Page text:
By Oluseyi Olabanji Atilola
Gernot Rohr’s willingness to extend his contract, as well as taking a wage cut to continue as the coach of Super Eagles, has not only dominated the airwaves in the last few days, it has also provided an opportunity to examine other key issues in Nigerian football culture.
Super Eagles Coach Gernot Rohr earlier in the year spoke of his desire of convincing more players with dual nationality to represent the Super Eagles ahead of the 2022 World Cup in Qatar. Taking a look at the youth teams of major clubs in England, one will be amazed by the number of players eligible to play for the Super Eagles.
The recent invite of Belgian-born Heracles Striker Cyriel Dessers for the Afcon qualifiers before the global pandemic is a testament to Rohr’s desire of bring in more players. In time past, players like Alex Iwobi, William Ekong, Leon Balogun, Joel Aribo, Ola Aina, Semi Ajayi, Tyrone Ebuehi and Maduka Okoye had all pledged their international future to Nigeria
Above all we need to critically examine this development looking at the pros and cons.
The Good Old Days
In the early 1990s, which was a period of rebuilding for the Super Eagles following past failures, the team had a mix of home based players and few players who just moved to Europe. Coach Clement Westerhof invited England-born defender Rueben Agboola for the Afcon Qualifers in 1991. He won a bronze medal at the 1992 Afcon, opening the gate for the invitation of more foreign born players to the Nigerian team. Efan Ekoku of Norwich City was next to be invited. He was a member of the Afcon winning team in 1994 and also played at the World Cup in 1994 but the romance did not last long. One thing Agboola and Ekoku had in common was that they did not play for long with the Super Eagles. Agboola felt cheated for a long period as he was owed countless numbers of unrefunded traveling ticket fees. The memory of the Super Eagles having to cut their tracksuits into soccer jerseys in an Afcon Qualifier match against Burkina Faso following late arrival of their jerseys was unforgivable. Ekoku, on is part, was seen as not good enough by many (his super eagles team mates inclusive) in spite of his goal scoring exploits with Norwich City.
An average player born in Europe tends to understand the basics and technicalities of football more than a player born in Africa who rely solely on their inborn abilities. Attention to details such as diet and nutrition attest to the level of professionalism attached to football development in Europe. (Am I saying a player trained in Europe is better than a player trained in Africa?)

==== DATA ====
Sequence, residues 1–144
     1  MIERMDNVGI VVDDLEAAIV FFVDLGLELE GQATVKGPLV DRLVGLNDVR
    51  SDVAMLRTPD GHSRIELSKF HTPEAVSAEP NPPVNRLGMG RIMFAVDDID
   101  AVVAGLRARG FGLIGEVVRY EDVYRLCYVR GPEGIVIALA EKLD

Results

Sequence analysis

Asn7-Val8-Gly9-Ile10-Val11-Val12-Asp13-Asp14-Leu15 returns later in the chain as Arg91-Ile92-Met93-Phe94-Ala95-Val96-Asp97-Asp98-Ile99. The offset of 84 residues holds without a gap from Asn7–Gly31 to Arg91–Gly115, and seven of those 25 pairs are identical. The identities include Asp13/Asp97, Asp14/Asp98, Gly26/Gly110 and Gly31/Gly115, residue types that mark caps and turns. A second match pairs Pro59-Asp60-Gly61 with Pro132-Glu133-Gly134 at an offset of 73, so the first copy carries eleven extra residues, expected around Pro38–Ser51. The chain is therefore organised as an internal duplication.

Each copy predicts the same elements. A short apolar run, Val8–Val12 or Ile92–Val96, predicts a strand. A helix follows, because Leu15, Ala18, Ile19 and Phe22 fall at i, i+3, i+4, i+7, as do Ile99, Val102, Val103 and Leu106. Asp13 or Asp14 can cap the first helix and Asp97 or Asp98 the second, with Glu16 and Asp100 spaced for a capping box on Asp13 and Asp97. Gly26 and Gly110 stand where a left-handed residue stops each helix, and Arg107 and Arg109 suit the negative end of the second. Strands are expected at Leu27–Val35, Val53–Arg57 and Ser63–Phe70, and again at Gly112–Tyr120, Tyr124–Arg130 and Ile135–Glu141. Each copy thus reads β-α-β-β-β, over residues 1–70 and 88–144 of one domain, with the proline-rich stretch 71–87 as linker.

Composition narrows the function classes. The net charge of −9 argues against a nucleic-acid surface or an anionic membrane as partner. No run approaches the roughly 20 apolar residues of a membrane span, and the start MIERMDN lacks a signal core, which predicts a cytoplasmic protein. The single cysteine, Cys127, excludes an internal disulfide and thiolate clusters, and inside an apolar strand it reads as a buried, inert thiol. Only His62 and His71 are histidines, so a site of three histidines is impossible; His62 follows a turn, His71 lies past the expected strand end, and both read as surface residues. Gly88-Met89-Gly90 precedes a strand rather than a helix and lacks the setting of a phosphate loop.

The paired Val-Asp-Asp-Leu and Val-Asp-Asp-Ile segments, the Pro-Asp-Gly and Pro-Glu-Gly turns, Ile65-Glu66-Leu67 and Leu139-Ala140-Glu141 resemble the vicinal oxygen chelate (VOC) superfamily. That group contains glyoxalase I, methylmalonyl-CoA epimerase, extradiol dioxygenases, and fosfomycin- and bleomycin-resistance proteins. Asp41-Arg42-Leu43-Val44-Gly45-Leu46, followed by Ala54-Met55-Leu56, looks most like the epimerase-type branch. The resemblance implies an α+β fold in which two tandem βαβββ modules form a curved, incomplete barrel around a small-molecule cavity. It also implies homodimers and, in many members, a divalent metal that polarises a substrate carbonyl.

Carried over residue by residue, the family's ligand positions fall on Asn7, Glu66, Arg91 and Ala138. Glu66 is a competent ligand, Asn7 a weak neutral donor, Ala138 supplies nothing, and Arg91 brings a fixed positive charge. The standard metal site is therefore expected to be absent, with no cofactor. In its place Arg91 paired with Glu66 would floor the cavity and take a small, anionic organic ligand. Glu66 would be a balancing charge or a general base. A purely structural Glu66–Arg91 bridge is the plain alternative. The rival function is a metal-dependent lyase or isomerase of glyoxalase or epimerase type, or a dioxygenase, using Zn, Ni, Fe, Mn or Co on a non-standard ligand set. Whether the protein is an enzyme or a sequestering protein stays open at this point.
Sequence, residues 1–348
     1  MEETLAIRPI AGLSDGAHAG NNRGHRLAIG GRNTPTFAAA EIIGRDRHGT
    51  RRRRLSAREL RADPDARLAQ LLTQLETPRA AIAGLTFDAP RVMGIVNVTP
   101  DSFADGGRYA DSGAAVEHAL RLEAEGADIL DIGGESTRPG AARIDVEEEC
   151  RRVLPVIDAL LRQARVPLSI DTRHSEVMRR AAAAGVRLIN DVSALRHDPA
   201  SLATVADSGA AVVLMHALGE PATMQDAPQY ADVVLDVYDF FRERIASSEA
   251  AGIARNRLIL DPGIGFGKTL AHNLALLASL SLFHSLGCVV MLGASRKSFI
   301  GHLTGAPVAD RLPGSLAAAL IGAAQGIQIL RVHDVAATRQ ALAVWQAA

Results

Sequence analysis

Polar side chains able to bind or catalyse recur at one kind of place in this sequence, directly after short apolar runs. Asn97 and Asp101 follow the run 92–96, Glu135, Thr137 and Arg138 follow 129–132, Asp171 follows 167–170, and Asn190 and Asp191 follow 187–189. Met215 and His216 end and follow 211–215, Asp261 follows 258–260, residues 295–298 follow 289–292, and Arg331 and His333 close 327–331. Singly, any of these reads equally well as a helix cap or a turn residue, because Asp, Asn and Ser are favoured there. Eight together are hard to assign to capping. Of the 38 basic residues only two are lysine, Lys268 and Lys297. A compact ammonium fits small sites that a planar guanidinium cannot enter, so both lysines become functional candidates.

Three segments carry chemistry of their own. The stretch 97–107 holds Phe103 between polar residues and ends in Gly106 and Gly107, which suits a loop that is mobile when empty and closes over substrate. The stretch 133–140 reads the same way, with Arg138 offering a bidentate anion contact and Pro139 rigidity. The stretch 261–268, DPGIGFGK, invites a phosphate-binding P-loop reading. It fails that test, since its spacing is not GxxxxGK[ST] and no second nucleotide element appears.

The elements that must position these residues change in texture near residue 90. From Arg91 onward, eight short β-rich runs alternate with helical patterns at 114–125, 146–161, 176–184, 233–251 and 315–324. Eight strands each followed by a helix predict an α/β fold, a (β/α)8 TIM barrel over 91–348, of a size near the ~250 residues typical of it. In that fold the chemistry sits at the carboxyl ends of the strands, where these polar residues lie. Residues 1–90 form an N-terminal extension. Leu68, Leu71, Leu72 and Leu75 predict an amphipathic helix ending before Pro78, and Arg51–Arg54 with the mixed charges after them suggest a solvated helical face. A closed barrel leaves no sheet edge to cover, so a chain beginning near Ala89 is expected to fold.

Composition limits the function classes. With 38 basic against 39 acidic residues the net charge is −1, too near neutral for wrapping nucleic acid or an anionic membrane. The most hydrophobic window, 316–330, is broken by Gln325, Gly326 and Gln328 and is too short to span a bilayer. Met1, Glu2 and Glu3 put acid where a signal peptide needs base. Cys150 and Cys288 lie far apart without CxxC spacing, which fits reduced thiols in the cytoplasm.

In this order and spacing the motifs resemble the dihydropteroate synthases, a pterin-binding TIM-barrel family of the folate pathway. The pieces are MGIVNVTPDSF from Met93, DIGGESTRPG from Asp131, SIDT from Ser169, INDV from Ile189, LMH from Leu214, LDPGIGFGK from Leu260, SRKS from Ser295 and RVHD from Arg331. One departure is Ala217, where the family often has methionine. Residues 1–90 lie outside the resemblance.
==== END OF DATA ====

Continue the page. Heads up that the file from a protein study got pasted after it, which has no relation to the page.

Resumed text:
Many football fans in the past had said if a player with dual nationality was good enough he would never play for Nigeria.Tammy Abraham and Fikayo Tomori comes to our mind in this regard. But for every Abraham and Tomori there was a Carlton Cole and a Gabriel Agbolahar who turned down the opportunity to play for the Super Eagles only to make less than five appearances for the English national team.
Victor Moses represented England at the youth level, he played at the Under-17 world in 2007, a competition the Golden Eaglets of Nigeria won. The competition produced stars such as David De Gea, Toni Kros, Eden Hazard, Borjan, Christian Benteke, and James Rodrigues.
Moses struggled to progress into the England National Team despite his wonderful performances with Crystal Palace which led to his big money move to Wigan. The opportunity to play for the Super Eagles came calling and Moses grabbed it with his two hands. He won the 2013 Afcon, played at 2014 and 2018 World Cups in Brazil and Russia respectively, and was nominated for the BBC African Footballer of the Year in 2017.
Willian Troost Ekong made his debut for Nigeria 2015, he was a free agent at that point after he was released by Dutch team Groningen. Ekong’s performance at 2016 Olympics with the Nigerian team earned him a transfer move to Bursaspor in Turkey. Nigeria gave him the platform to fly.
Fear of the Unknown
The early retirement of Victor Moses after the 2018 World Cup in Russia raised questions of loyalty and sincere love for the nation. Will these players be loyal to Nigeria for life or they will use the Super Eagles to achieve their various levels of career breakthrough then turn their back against the nation? Will they see playing for Nigeria as an opportunity to represent their fatherland indeed? Or they feel they are doing us a favor by playing for the national team? And will our administrative incompetence such as owing match bonus deter them from giving their all?
Impact on the Homegrown Talent
Influx of foreign-born players into the Super Eagles represents an easy way out for sports administrator in Nigeria and serves as an opportunity of not taking responsibility of developing grassroots football knowing full well that somewhere in Europe there are players who have the right training already and will walk straight into the national team and the sports administrators only need to sharpen their persuasive skills to convince this players to play for Nigeria.
Controversially, one of the latest Super Eagles’ invitee goalkeeper Maduake Okoye plays in the 4th division of German football. Did we just conclude there are no good keepers in the Nigerian Professional League that’s why we have to go to the 4th division in Germany to look for one?
‘Balance’ is the answer; the growth process must be balanced. Let’s develop the local leagues, give every player a fair treatment and never beg a player to play for the national team because if you beg them to play once you will have to keep on begging them to come back.
And finally, what if there is a change in FIFA’s rule? That presents an urgent need for us to rethink and strategize on how to develop a working football culture.
*Atilola writes from Lagos (firstname.lastname@example.org)